Cornwall in Winter has an enchanted air. There’s a beauty and magic to the white frosty fields and the mist that clings to the rivers in the morning. The summer crowds have gone leaving behind beautiful empty beaches, deserted cliff paths and quaint old pubs where there’s always a seat by the fire.
It’s empty, peaceful and still, leaving room for it’s mystical, romantic side to emerge. Winter is when mysterious, old Cornwall unfurls – the land of giants and mermaids, and legendary lovers like Lancelot and Guinevere and Tristan and Isolde.
If you’d like to discover the delights of Cornwall in Winter, here are a few ideas…
Wrap up warm, hold hands and go for a walk
Even in the dead of winter, there’s a mildness about the Cornish climate that beckons you outdoors. You’ll find our first daffodils are out in December, the camellias bloom by Christmas, and the Cornish spring arrives in February.
One of Cornwall’s most romantic walks is from Boscastle to Valency Valley and Fire Beacon Point. It’s a hike of 5.4 miles, but so worth it. This walk takes in coastal views, a waterfall, picturesque Boscastle Harbour, a wooded valley and the remote church of St Juliot, rebuilt by Thomas Hardy doing his day job of architect. It was here he met his first wife, Emma, and their romance led to the novel, A Pair of Blue Eyes, and some of his better poetry.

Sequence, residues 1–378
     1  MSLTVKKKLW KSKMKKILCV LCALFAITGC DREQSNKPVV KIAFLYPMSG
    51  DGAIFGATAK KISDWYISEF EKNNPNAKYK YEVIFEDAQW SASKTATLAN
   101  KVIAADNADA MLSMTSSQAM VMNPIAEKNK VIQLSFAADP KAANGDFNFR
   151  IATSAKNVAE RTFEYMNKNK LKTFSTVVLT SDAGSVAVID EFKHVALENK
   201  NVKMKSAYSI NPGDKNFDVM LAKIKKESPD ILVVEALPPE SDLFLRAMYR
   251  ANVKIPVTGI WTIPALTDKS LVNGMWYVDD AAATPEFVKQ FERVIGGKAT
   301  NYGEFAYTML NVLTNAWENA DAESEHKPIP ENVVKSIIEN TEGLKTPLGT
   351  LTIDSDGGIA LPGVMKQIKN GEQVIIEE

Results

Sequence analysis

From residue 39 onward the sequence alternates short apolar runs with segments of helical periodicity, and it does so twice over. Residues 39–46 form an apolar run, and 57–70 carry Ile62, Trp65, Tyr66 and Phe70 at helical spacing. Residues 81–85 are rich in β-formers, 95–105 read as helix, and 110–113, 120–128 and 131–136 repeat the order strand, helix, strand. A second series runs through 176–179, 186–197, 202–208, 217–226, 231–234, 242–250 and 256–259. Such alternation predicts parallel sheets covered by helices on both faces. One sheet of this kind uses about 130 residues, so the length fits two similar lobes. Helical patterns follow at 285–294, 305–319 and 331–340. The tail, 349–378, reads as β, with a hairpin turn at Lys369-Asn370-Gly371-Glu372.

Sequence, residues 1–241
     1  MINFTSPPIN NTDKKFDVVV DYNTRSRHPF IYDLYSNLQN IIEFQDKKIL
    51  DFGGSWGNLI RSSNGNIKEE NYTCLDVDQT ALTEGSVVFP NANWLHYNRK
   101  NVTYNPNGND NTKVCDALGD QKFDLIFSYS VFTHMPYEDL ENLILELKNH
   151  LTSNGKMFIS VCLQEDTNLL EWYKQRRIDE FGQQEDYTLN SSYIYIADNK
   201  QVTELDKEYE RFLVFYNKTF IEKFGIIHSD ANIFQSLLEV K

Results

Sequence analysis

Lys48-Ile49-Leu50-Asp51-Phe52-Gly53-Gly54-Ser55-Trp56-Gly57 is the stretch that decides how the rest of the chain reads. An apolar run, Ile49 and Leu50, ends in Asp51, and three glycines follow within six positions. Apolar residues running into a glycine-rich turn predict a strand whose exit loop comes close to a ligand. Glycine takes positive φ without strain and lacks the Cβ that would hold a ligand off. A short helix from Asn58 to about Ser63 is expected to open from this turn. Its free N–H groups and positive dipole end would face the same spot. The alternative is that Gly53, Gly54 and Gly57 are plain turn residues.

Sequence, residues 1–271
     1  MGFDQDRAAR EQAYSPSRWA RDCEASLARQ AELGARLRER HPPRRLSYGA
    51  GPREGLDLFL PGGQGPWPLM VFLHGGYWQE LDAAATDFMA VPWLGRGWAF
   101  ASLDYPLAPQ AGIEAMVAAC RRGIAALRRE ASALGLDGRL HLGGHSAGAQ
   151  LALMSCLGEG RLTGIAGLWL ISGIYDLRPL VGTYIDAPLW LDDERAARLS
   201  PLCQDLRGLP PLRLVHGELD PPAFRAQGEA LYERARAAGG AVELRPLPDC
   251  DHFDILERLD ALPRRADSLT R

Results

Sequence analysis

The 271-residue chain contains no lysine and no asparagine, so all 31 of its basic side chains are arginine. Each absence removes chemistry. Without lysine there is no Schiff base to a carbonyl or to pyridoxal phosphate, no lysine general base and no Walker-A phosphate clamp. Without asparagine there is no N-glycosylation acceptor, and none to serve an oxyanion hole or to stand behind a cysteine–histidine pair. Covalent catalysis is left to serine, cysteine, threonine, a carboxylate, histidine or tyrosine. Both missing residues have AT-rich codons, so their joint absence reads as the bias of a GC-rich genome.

Book yourselves in for a couple’s spa
A spa day together is a great way of tuning out the rest of the world and focusing on each other. Many spas have specially designed couples suites with double baths and dual treatment areas, and offer couples massage lessons too.
Add to the romance by choosing a spa with a sea view. The Scarlet Spa offers panoramic views of the crashing Atlantic, so you can relax and contemplate together the drama and beauty of the ocean in Winter. At the Scarlet, you can even enjoy a cliff top hot tub together as you sip Champagne as you watch the waves.
The dramatic rock stacks at Mawgan Porth testify to the power of the waves that have carved out their towering and impressive forms for millions of years.
In really wild Winter, nothing beats the elemental thrill of watching huge thundering seas crash relentlessly on Cornwall’s dramatic coast. Perhaps it’s the humbling sense of our own insignificance that does it. Like cosying up in front of the fire, storm watching puts us back in touch with our primordial urges to find safety and shelter, and – most importantly of all – to find refuge in romance from the spectre of our own mortality.
For a really romantic storm watching experience, try the Ship Inn at Porthleven, The Queen’s Hotel in Penzance, The Minack Theatre Café, Bedruthan Hotel & Spa or the Scarlet Hotel, both in Mawgan Porth.
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